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Railroads Hit By Falling Oil And Coal Production

Railroads Hit By Falling Oil And Coal Production

According to the Association of American Railroads shows that rail traffic continues to slow down, as shipments of a range of commodities are sharply lower from a year ago.

New data shows fewer shipped cargoes of coal, grain, metals, and oil across the United States in early November. For example, coal shipments are down 9.7 percent year-to-date compared to the same period in 2014. Cargoes of oil and other petroleum products are also down 7.7 percent over the same timeframe.

For coal, the slowdown is due to dramatic fall off in coal production. As more and more coal plants are shuttered because of cheap natural gas, growing renewable energy, and the tightening noose of environmental regulations, utilities need a lot less coal than they once did. That is putting a lot of coal producers out of business. U.S. coal production could hit just 921 million short tons in 2015, a decline of 7.5 percent from 2014 and the lowest total in nearly three decades. Related: A Bit Of Good News For The Global Coal Industry At Last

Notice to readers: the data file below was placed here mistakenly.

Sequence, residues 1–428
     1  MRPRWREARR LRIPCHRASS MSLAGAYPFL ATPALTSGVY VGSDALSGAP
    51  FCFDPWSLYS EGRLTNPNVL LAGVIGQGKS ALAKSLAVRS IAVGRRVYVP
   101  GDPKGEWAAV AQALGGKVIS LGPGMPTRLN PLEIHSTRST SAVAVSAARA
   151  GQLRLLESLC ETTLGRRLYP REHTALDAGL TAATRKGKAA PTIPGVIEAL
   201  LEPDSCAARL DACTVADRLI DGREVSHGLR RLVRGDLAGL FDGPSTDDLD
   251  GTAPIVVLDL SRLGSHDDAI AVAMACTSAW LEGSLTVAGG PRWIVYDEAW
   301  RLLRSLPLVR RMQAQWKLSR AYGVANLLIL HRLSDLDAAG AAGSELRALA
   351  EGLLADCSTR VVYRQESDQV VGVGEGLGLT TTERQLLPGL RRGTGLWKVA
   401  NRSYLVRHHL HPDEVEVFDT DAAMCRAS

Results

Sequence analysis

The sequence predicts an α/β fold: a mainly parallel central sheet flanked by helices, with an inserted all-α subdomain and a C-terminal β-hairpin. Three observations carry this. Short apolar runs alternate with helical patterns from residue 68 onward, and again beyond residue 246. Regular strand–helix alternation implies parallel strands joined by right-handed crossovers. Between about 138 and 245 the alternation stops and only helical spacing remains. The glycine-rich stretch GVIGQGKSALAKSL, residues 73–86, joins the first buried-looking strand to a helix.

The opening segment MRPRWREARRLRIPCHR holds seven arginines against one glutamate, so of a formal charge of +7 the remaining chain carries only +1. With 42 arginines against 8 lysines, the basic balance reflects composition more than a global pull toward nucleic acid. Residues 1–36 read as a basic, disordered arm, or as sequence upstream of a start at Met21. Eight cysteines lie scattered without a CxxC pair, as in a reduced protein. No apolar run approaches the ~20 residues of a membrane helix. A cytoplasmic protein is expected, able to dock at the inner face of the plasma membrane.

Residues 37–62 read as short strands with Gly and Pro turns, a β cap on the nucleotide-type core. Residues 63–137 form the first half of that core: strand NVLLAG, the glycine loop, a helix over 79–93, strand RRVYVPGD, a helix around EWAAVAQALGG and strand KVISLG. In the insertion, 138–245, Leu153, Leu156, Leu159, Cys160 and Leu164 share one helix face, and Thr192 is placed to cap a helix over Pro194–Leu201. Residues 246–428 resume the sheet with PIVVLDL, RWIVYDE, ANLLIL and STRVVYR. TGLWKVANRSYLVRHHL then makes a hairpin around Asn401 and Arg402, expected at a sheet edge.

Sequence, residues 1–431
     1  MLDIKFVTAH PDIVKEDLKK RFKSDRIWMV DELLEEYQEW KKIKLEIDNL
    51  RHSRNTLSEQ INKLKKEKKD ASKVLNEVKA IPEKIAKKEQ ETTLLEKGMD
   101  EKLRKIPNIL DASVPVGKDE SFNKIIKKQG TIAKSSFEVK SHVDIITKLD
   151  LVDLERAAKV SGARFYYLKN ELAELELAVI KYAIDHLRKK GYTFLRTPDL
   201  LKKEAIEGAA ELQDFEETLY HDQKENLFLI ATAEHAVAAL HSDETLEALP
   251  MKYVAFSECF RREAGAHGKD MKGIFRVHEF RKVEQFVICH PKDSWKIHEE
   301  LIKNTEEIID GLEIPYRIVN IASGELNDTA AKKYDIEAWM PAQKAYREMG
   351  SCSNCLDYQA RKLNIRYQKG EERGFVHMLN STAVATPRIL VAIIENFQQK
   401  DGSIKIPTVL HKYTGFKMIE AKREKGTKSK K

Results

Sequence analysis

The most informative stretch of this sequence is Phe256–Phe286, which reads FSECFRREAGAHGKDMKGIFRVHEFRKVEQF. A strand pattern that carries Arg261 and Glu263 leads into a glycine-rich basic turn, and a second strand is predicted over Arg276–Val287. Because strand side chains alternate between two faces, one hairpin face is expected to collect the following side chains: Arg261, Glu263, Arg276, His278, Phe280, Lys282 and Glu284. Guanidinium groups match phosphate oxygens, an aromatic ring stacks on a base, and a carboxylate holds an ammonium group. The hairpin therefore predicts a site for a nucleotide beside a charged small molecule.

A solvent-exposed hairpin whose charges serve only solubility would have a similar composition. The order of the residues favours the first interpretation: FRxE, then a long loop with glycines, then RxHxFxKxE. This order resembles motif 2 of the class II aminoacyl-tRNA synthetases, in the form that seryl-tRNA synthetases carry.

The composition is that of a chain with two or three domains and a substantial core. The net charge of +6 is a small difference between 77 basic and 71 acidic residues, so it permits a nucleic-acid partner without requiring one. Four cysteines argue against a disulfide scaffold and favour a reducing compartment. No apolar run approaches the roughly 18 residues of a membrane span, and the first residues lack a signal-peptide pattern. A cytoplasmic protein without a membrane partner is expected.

Another reason the bull market for railroads has come to an end is the falling production of oil from major U.S. shale plays generally, and the Bakken in particular. The EIA predicts that Bakken oil production will fall by another 27,000 barrels per day in December to 1.1 million barrels per day. That comes after a decline of 23,000 barrels per day in November. Drillers are pulling up stakes and cutting back on drilling. North Dakota now only has 66 active rigs drilling for oil, about one third of the 188 that the region had in November 2014. The problem for the Bakken is that for refiners on the U.S. East Coast, the extra costs of shipping crude by rail have suddenly made importing oil from abroad more favorable. As a result, U.S. oil imports are rising, while shipments of crude from North Dakota have taken a hit. Related: OPEC Hoping Chinese, Indian Demand Can Alleviate Glut

The slowdown is bad news for railroad companies, but they are making up for it by shipping agricultural products. Last year, grain piled up as farmers were unable to find available rail capacity to ship their products. With coal and oil no longer clogging up the rails, grain shipments have surged, hitting a five-year high.

By Charles Kennedy of Oilprice.com

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  • 2001 redux on November 12 2015 said:
    overnite collapse of rail and truck traffic is one for the record books,like someone just turned out the gd lights,looks like oct 2001 all over again except with 20 trillion in fresh dept that has to be bled off

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